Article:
Five Hyperlocal Marketing Strategies

Ever been hungry in an unfamiliar city? 


Although the nearby fast food joint may be a tempting choice, nowadays most people will leverage their mobile device to find local restaurants through a simple search. And while this technology can be very helpful in bringing traffic to local businesses, it can also be harmful to merchants who haven't yet left a digital footprint that will allow consumers to find their business in the endless abyss of the World Wide Web.


Visibility is one of the most important factors when it comes to running a successful business - both on and off of the Web. In fact, 20 percent of all searches on Google are related to location, while 97 percent of consumers search online to find local businesses, according to Google. This is why merchants must make sure that their business can easily be found on the 'Net - but aside from maintaining a website, there are many other ways merchants can increase their local visibility in order to obtain more traffic, both online and in-stores.


Check out this list of five hyperlocal marketing strategies below:


1. Listing Sites


One of the best ways to obtain visibility is by managing your business's listing on online directories, such as Google Places, Yelp and Foursquare. This is because many times these are the first sites that pop up when someone conducts a local search. However, even if your business shows up in the results, it is important for merchants to claim their business and customize their listing - with photos, store hours, a telephone number, website URL and even promotions. This not only makes it easier for someone to find your business, but a customized listing will also make your business seem more legitimate, and can therefore improve trust among potential customers.


2. Social Media


Obtaining a presence on some of the most popular social networks, including Facebook and Twitter, can help consumers not only discover your business during searches on Google and Bing, but also help them discover your business in their newsfeed or through social network searches. However, while it is important to only bite off as much as you can chew when it comes to social networks (don't try to manage more social networks than you can handle), it is valuable for all merchants to create a Google+ page. Although this network doesn't have as large of a user base as Facebook yet, it still unsurprisingly ranks high in the search results. Additionally, the new Google+ Local feature enables merchants to manage and customize their business's listing on the social network.


3. Daily Deals


Daily Deals may be a more rogue way to enhance visibility, but they definitely offer a great way to grab the attention of new customers - at least for merchants who don't mind taking risks. Once a daily deal is launched, the promotion is sent out to local customers via email, and can also be found on the vendor's website. This can be perfect for bringing in consumers who only happened to find your venue while browsing the local deals on websites like Yipit or DealsMagazine.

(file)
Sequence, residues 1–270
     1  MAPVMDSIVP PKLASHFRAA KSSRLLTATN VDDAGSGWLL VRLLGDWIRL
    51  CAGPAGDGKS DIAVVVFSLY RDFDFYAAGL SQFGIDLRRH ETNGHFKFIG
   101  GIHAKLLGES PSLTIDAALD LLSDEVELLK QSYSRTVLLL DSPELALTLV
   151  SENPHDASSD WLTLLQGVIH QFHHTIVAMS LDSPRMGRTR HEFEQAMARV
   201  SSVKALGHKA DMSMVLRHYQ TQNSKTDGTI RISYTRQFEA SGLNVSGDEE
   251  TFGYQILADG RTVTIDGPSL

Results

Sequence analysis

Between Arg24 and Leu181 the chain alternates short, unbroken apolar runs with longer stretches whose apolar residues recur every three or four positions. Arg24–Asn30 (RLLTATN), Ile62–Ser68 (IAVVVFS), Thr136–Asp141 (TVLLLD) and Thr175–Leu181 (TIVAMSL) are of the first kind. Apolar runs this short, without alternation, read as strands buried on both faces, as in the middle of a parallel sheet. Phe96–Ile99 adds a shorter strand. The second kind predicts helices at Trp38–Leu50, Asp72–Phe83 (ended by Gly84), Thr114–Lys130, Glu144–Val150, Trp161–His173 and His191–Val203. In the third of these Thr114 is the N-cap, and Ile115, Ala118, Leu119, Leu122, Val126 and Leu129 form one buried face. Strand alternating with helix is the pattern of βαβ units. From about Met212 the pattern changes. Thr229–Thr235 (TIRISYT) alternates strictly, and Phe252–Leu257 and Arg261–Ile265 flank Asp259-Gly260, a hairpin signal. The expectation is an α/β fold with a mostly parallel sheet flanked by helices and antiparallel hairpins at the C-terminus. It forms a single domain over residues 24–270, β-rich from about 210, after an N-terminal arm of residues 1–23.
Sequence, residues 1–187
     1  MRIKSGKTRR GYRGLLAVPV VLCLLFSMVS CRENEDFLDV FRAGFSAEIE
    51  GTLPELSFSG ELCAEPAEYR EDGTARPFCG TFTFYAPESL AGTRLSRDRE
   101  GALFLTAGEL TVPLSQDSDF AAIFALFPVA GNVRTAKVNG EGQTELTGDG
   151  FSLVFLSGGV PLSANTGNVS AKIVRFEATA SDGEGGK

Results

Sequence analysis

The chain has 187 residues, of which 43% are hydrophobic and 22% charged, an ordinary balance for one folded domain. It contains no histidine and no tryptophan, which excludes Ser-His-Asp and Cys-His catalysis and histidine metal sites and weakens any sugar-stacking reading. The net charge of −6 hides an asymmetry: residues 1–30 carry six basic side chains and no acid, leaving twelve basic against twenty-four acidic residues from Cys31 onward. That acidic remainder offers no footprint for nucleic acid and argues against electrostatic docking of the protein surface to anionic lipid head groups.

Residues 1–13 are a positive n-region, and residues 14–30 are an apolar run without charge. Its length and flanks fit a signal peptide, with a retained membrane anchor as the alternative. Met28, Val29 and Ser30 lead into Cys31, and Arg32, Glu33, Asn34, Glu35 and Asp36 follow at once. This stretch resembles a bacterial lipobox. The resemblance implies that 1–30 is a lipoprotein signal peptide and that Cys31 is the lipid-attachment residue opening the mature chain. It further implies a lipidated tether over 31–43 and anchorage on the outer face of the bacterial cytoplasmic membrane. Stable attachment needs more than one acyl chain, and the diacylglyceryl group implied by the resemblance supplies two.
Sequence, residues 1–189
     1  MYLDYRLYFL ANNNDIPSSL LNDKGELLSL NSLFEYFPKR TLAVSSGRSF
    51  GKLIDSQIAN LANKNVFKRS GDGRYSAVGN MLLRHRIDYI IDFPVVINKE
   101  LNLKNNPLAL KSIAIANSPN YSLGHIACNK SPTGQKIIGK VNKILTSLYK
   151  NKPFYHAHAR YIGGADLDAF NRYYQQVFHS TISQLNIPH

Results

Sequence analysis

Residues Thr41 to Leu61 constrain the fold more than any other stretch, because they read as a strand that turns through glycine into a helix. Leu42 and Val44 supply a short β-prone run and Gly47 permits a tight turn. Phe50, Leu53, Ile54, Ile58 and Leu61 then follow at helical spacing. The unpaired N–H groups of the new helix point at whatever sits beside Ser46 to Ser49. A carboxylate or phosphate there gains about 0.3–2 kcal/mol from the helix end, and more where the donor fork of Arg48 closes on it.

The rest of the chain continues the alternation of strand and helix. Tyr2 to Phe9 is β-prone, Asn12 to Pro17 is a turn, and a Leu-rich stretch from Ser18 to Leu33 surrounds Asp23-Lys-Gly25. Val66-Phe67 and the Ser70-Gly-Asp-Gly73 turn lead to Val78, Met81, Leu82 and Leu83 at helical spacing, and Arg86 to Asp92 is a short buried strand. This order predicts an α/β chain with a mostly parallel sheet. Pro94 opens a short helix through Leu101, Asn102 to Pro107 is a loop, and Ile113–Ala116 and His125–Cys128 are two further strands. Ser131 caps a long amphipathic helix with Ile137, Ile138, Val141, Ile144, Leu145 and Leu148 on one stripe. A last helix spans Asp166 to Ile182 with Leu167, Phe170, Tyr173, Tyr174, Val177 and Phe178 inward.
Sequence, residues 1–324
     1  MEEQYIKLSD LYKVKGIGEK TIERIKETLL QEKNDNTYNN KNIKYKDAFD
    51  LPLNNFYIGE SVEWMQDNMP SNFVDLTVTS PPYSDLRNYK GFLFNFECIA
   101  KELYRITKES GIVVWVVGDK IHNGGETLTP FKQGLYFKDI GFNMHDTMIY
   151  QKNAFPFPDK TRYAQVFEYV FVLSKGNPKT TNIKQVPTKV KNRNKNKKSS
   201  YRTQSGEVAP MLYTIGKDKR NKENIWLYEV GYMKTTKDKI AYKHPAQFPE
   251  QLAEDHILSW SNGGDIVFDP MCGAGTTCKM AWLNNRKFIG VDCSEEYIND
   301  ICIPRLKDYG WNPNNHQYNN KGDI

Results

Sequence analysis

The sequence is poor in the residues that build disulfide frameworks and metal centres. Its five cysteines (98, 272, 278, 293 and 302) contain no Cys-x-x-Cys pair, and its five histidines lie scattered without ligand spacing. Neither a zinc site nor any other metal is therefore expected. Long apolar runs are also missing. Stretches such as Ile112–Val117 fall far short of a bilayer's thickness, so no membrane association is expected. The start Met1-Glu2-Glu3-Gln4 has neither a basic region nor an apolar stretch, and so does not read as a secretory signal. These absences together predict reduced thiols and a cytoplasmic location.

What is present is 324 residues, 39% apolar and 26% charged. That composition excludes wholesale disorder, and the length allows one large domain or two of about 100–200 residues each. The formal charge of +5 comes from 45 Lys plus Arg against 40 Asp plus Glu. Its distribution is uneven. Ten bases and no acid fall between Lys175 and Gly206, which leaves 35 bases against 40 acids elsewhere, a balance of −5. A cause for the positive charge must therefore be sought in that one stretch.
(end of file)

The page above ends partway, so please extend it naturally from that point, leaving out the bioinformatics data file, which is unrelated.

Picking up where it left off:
4. Advertisements


Targeting local customers can easily be done by launching a paid search campaign on advertising platforms like Facebook and Google. For example, Google AdWords Express enables merchants to promote their business when consumers conduct local searches for related products or services in a specific area. Most importantly, these advertisements show up during regular Web searches and during searches on mobile devices, so that your ads can target consumers who are on the go and more likely to make a conversion.


5. Website Localization


It is important for every retailer to include basic information, such as telephone number and address, on their website. However, merchants can take this a step further by adding other local elements, including maps and local ads, on their sites. For example, Sears recently added local ads to their websites, which enable consumers to find deals and specials at the brick-and-mortar location nearest them. Although this type of feature is more valuable to a merchant who is running multiple locations, merchants can also add other local elements to their websites, such as maps and in-store pick up promotions. While featuring a map on your site can help consumers pinpoint the exact location of your brick-and-mortar store, offering in-store pickup allows customers to purchase a product online and pick it up in-stores - so they can avoid long lines and shipping fees.